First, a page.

Early Voter Enthusiam Sets Historic Levels, But What Will It Mean On Election Night?
Participation during early voting for the midterm elections is high, and the turnout might rival numbers usually seen in a presidential election year.
But what will its impact mean on election night?As heard on Texas Public Radio
The Texas secretary of state’s office, with more than 15.8 million registered voters, reports that more people voted early during the 2018 midterm elections than they did during the entire midterm elections of 2014.
The state office also said, in Bexar County, the number of people who cast a ballot during the early voting period is expected to exceed well above 400,000 voters.
“It’s very uncharacteristic of a midterm year, where we normally see about 33-percent of Texas voter turnout,” said Sam Taylor with the secretary of state’s office. “In presidential years, we see about 6 -percent, so it’s looking like it’s going to be more like that presidential year level.”
Taylor also pointed to another crucial factor: The early voting period has seen many new voters.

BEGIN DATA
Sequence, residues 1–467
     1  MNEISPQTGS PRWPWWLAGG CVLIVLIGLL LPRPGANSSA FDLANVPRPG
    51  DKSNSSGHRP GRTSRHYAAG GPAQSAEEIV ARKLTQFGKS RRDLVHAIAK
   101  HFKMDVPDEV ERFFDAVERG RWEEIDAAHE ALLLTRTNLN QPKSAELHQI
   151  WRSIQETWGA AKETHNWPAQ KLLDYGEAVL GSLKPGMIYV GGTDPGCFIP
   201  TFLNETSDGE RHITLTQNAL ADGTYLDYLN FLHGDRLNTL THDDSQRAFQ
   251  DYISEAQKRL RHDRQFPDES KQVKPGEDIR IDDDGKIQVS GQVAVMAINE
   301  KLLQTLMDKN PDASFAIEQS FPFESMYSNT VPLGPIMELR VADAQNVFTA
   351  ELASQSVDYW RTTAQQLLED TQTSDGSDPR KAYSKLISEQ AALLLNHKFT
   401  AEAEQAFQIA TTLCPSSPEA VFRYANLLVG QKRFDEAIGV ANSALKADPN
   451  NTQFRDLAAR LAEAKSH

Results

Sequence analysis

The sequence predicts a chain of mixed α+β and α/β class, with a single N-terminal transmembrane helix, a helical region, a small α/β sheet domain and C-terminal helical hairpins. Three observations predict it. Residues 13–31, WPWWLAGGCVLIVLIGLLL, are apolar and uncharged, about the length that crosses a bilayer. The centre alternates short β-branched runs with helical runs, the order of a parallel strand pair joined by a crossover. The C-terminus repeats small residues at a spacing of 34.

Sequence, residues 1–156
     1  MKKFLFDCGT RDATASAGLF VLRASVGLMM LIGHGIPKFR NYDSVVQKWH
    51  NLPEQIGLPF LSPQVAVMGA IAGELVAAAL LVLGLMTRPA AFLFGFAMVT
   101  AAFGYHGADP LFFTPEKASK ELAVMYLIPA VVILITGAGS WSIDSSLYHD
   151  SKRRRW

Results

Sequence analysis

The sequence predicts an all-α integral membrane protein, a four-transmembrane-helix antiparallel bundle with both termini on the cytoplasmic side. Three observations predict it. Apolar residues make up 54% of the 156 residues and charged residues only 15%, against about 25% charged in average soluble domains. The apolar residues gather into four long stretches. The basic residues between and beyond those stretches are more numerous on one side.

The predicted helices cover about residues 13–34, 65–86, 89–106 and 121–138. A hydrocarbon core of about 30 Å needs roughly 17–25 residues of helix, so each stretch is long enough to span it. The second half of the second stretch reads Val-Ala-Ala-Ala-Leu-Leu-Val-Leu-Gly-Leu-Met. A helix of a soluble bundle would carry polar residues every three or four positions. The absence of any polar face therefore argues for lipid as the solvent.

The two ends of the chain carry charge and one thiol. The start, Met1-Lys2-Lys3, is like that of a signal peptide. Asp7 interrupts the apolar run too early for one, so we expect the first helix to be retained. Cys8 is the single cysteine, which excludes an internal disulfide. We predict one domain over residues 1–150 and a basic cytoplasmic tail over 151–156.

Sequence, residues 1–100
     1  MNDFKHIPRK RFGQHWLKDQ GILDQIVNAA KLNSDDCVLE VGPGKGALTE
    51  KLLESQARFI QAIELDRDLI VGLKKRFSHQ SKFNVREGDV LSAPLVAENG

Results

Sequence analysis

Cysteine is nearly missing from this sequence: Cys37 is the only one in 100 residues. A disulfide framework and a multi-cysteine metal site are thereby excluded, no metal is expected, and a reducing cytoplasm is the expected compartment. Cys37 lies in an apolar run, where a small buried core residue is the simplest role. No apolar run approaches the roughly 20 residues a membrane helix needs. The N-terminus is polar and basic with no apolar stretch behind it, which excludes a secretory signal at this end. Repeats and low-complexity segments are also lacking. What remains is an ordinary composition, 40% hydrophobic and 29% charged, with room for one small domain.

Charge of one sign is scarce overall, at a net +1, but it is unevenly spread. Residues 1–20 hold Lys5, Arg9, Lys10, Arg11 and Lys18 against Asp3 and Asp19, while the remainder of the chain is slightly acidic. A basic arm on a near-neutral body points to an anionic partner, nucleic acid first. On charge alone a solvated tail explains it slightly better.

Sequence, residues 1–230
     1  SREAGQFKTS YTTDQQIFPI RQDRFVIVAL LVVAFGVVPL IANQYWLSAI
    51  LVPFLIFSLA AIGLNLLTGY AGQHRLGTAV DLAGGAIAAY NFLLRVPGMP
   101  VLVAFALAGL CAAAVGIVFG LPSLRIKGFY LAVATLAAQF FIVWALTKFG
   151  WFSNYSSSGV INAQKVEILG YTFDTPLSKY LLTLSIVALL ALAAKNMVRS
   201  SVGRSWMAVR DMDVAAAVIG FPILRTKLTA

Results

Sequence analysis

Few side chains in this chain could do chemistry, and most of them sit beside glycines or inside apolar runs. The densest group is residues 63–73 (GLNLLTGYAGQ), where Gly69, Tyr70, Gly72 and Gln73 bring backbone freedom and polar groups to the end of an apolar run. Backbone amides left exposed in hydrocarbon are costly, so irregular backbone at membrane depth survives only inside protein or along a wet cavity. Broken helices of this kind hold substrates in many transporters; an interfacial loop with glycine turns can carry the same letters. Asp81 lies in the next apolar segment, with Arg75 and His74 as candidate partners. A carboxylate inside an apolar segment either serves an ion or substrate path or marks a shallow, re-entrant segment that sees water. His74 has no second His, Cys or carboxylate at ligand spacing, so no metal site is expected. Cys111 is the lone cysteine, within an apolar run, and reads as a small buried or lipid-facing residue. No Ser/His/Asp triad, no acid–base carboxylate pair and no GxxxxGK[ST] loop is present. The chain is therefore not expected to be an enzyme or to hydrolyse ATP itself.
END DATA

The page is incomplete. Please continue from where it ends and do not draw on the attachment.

“We’ve got approximately 1.6 million more people registered to vote this year than we did in 2014,” Taylor said.
Mark Jones, who teaches political science at Rice University, predicts a large percentage of these new voters will likely vote Democrat during this election.
“We seeing notable higher increases among 18- to 29-year-olds, and that’s a group that primarily votes Democratic by a 2 to 1 or 3 to 1 margin,” Jones said.
Jones added that, while this might seem like a good thing for Democratic congressional candidates, a there are a lot of Republican voters in Texas.
“Where the Democrats can have some optimism is the fact is that one out of every ten voters is a new voter, and those voters are likelyleanmore Democratic than Republican. All that said, statewide, I don’t think it’s going to lead to anything other than a smaller margin of victory for the Republicans,” Jones said.
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